Additionally, the method of the present invention uses a circuit (not shown) to control the sled-home operation. In one embodiment, the circuit can be a microprocessor for executing a firmware program code. All target speeds and all parameters required in each stage of the required calculation are programmed in the firmware program code in advance. In another embodiment, the circuit can be a logic circuit to execute the present invention method. Combinations of logic gates and electronic elements implement the above target speeds and all parameters required in each stage of the required calculation.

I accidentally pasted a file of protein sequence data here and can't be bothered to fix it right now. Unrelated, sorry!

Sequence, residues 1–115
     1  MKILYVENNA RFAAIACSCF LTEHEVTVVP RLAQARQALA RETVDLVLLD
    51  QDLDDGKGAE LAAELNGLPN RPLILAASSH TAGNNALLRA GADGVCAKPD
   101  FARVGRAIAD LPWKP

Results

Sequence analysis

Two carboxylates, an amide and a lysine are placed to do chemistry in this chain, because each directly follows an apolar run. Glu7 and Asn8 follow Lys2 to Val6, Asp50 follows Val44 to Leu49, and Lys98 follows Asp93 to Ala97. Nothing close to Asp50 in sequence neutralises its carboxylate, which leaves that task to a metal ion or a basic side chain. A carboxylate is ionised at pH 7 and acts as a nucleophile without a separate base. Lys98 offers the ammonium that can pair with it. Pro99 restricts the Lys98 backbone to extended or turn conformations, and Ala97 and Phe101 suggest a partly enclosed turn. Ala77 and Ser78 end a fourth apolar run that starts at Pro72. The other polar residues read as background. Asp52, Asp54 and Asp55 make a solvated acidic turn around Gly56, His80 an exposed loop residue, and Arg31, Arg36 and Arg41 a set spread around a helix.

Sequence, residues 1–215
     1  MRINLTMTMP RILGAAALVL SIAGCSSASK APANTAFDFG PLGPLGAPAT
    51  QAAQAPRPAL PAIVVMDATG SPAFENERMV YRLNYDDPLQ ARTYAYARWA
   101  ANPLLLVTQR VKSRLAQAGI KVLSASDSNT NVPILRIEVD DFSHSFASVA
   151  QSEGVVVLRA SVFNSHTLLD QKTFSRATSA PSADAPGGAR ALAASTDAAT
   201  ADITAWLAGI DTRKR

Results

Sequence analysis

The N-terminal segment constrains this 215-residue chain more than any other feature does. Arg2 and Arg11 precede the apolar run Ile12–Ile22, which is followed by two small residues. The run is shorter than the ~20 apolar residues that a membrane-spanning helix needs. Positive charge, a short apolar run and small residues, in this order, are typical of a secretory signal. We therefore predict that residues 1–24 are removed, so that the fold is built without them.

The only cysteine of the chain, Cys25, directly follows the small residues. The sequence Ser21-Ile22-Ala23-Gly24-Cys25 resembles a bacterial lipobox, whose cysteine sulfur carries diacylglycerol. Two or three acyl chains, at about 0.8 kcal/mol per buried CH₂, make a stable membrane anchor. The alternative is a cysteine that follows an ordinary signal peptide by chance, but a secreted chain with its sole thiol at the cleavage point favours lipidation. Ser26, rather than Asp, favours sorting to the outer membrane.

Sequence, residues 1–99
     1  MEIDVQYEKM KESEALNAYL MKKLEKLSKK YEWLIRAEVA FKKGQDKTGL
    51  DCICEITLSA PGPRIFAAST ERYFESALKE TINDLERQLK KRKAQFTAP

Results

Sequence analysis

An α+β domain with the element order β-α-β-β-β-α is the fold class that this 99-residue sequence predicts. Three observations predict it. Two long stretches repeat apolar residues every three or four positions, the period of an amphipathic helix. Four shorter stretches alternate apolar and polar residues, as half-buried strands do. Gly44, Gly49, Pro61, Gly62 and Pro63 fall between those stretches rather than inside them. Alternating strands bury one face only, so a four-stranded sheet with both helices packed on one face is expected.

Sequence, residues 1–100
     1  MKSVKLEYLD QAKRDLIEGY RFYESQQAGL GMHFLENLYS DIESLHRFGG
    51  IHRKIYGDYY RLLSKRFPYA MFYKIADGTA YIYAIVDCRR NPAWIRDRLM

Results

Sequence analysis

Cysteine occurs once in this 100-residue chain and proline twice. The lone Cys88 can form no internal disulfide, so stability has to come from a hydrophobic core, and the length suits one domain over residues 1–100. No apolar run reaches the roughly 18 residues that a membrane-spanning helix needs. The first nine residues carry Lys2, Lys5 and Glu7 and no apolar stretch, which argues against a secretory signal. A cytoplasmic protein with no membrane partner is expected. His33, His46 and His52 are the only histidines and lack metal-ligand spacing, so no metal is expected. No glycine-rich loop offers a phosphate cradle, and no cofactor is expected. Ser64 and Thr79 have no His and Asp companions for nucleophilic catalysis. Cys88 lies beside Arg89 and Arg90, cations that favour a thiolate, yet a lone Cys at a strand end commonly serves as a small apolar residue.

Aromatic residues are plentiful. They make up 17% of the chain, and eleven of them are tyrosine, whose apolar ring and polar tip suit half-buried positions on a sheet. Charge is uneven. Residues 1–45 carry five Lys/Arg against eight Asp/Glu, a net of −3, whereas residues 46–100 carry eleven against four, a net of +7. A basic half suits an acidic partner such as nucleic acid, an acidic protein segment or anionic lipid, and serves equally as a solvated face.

Those skilled in the art will readily observe that numerous modifications and alterations of the device and method may be made while retaining the teachings of the invention. Accordingly, the above disclosure should be construed as limited only by the metes and bounds of the appended claims.